In fact, some Mizrahim are very blunt about the link between Zionism and their plight. “If Israel had not been established, nothing would’ve happened to the Iraqi Jews,” opines the Iraqi-Jewish poet Me’ir Basri.
But the suspicion and distrust did not end there. Their resemblance to Arabs – in fact, you could argue that they are also ‘Israeli Arabs’ – in everything but religion caused them to be viewed with a mixture of condescension, contempt and even fear. This kind of culture shock is, at one level, understandable, as it is a myth to expect the simple fact of belonging to a single faith automatically means that people are the same. “We have here a people whose primitiveness sets a record,” wrote a Ha’aretz reporter in 1948, not of the Palestinians, but of Mizrahi refugees.
This anti-Mizrahi prejudice among the Ashkenazim (European Jews) elite translated into them being whisked away to live in the remotest parts of Israel and populate what are known as ‘development towns’ which failed to develop into anything beyond a receptacle for broken promises and shattered dreams.
The Ashkenazi elite also set about ‘civilising’ the Mizrahi Jews and shaping them into modern ‘Israelis’. Of course, up to a certain extent, this happened to all immigrants, but since the Ashkenazi were calling the shots, it was their culture that most influenced the Israeli ideal. “I don’t have a cultural identity,” confesses Sasson, an ex-teacher from Sderot, the development town on the edge of Gaza whose population is almost exclusively Moroccan Jewish. “My heart is in the east and my culture is western… They dressed me up in a culture that wasn’t mine.”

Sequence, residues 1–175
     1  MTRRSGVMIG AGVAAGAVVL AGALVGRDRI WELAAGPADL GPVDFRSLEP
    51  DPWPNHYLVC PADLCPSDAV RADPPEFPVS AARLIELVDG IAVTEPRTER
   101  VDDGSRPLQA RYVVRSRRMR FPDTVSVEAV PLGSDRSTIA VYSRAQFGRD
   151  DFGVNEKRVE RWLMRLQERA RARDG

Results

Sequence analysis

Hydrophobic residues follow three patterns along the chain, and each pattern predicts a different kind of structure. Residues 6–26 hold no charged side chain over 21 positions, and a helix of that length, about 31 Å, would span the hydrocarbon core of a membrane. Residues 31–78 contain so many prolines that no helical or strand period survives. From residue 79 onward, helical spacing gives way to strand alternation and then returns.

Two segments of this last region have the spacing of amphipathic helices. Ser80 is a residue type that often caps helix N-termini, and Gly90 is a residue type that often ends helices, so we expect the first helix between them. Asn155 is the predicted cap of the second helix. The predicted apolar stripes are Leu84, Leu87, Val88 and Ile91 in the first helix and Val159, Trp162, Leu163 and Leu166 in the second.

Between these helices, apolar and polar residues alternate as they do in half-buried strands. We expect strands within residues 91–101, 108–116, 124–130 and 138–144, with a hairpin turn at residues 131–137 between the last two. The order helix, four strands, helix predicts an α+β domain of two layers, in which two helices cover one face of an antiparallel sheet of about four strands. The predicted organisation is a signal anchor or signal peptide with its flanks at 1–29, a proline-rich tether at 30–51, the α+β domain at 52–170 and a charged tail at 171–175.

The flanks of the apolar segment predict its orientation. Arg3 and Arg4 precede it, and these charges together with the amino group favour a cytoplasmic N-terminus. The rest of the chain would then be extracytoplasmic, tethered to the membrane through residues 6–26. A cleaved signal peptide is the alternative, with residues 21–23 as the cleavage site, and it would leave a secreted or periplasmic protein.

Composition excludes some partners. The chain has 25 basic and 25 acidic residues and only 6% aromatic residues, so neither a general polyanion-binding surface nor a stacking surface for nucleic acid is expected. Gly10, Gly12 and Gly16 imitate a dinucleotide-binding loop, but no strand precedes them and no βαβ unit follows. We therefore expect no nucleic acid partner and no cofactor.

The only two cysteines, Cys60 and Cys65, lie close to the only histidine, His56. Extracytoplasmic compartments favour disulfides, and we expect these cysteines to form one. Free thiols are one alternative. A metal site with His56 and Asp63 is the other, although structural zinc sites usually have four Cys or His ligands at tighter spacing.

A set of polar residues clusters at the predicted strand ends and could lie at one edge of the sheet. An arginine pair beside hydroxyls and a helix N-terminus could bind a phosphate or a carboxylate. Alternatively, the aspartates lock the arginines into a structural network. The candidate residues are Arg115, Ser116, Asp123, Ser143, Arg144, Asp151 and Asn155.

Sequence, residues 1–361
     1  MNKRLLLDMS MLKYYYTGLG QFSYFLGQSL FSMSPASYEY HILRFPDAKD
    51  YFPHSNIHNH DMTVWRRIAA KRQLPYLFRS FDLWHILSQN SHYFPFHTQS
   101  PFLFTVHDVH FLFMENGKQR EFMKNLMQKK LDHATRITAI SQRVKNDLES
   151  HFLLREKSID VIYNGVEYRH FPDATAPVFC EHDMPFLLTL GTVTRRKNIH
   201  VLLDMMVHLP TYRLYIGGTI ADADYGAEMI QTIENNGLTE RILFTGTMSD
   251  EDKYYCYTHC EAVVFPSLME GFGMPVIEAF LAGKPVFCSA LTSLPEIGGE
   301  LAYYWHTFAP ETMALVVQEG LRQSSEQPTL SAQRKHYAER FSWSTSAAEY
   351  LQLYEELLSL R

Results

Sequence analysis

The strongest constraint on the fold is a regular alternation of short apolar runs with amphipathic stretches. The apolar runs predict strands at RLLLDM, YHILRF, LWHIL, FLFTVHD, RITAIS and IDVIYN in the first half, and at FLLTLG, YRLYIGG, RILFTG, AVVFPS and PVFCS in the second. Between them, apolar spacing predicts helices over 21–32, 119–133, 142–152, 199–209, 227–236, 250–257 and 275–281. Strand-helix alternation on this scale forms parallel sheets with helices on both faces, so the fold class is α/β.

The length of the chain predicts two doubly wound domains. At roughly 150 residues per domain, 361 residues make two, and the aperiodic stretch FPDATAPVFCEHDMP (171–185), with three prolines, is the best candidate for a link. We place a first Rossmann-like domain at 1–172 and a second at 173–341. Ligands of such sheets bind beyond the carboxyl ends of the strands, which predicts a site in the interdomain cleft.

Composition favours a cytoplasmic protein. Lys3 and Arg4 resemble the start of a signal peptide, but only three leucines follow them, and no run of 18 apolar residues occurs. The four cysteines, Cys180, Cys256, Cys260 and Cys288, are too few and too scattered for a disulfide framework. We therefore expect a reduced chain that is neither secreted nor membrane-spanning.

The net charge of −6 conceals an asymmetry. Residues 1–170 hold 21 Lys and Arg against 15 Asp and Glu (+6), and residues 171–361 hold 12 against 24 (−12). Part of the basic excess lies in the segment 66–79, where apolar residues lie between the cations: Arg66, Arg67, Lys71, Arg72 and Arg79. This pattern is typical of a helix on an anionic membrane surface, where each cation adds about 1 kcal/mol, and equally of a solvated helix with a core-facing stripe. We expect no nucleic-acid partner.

Things have improved significantly in recent years, and Mizrahi culture is growing in popularity and influence. They and Ashkenazi are increasingly intermarrying and there are plenty of successful Mizrahim around. But much as Israelis would like to bury this ‘ethnic demon’, it keeps coming back to haunt them like a “genie in a bottle”, Shabi observes.
Mizrahim still make up the bulk of Israel’s poor and undereducated; they are often stereotyped in the media as pimps, hustlers and whores; their culture, despite making major inroads, is still seen as somewhat inferior; and their accent, although it is the more accurate form of Hebrew, is scorned.
Although the disappeared Jewish presence in Arab lands was not quite a paradise lost, their migration to Israel was not a paradise found either. Despite certain episodes of oppression, such as the persecution instigated by the fanatical Almohads in North Africa and Spain in the 12th century, Arab Jews were an integral component of the region’s cultural, social and economic fabric.